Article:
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2008 International Police Vehicle Design Contest (part 3)
Sheriff Up to 25 Officers, West
First Place Hodgeman County Sheriff’s Office Jetmore, KS
The bold graphics are highly visible during the day, and at night, the use of 3M reflective materials creates visibility. The chevrons on the rear bumper are silver and appear subdued during the day but are highly reflective at night. The aggressive Z stripe and the swoosh create a sense of motion and symbolize the agency’s progressiveness. The full color badge on the door is the same as that worn by the sheriff and the deputies.
Judges’ comments: This vehicle’s reflectives enhance officer safety for use at night. The appealing design makes it an all-around complete look.
Dunn County Sheriff’s Department Menomonie, WI
This design was chosen due to its vibrant colors and easily identifiable “Sheriff” logo. Dunn County is one of the few sheriff’s departments with all-black squads in the state, so deputies were looking for colors to accent them. As a rural agency, they felt having non-reflective colors was more conducive for officer safety when approaching most traffic situations.
Judges’ comments: We like the design scheme and good use of colors with the dark car. The gold “Sheriff” lettering really stands out.
Sheriff Over 25 Officers, East
First Place Washington County Sheriff’s Office Johnson City, TN
The Washington County Sheriff’s officers decided to make changes to their striping package because it had been the same design for 30 years and had become dated. They wanted the markings to have a larger star with the state seal and the county name easily visible. The green and gold colors match the department’s uniform colors. The reason for reflective striping was to give the best visibility for officers when working accidents at intersections or traffic at special events.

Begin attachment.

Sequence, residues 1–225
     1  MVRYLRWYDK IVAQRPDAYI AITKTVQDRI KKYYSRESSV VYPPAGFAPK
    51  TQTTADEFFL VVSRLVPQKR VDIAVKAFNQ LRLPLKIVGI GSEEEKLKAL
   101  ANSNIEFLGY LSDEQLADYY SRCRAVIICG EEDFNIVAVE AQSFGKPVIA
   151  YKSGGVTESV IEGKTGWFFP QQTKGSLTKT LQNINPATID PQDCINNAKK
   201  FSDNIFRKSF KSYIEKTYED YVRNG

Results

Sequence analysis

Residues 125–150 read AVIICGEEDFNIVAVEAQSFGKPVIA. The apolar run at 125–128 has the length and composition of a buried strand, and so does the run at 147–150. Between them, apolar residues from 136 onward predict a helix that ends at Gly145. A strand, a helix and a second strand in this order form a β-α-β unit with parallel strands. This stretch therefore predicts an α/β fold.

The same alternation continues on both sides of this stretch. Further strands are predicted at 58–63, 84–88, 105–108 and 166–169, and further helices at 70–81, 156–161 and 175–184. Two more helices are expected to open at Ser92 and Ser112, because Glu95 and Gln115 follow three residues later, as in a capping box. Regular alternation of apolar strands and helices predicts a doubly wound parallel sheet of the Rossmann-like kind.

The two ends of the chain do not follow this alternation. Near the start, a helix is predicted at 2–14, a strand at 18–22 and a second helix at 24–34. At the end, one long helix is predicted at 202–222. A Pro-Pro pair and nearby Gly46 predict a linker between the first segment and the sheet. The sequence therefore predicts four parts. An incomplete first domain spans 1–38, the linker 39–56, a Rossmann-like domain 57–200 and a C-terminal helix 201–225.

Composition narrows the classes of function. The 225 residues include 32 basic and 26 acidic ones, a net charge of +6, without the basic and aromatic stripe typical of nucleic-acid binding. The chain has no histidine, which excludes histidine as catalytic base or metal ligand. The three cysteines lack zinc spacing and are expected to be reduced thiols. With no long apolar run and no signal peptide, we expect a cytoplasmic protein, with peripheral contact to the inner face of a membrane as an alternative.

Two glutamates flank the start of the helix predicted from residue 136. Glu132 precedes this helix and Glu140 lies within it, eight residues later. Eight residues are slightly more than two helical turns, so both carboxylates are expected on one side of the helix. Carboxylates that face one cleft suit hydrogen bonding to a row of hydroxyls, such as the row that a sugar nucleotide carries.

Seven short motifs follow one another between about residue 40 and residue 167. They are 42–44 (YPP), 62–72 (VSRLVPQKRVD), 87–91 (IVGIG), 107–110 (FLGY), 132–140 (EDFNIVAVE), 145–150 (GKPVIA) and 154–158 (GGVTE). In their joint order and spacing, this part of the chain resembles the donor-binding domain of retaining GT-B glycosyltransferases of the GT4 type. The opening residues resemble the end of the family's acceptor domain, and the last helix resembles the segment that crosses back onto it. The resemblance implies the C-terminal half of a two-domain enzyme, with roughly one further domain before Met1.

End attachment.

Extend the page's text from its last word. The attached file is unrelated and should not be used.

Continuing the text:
Judges’ comments: The color combination of green and gold is vivid, bold and sharp. It is very appealing; a well-rounded package.
Shawano County Sheriff’s Department Shawano, WI
Mike Lewens, owner / designer of Maverick Graphx of Shawano, WI, had an idea for the Dodge Chargers to go back to an old school look, like the Charger design from the late ‘60s, early ‘70s with the wrap-around fender striping package. The reflective tape has been a major asset to visibility over the years. The solid black with an attractive graphics package appears to be a real eye-catcher.
Judges’ comments: The color scheme is distinctive and dark, but it pops with blue and yellow. The reflective on top is not the norm, which makes it unique.
Henderson County Sheriff’s Office Hendersonville, NC
Sheriff Rick Davis designed the new color scheme for the Henderson County cars in an attempt to make the cars stand out and be recognized as law enforcement vehicles by returning to the black-and-white color scheme. The agency also changed the lightbars from the ordinary blue lights to the blue / red LED lightbars to increase officer safety by providing better visibility. Pushbars were added to all patrol vehicles to increase safety during a crash and to assist in moving stranded vehicles from the roadway.
Judges’ comments: This car’s design is done well, with an excellent execution of a traditional black-and-white package.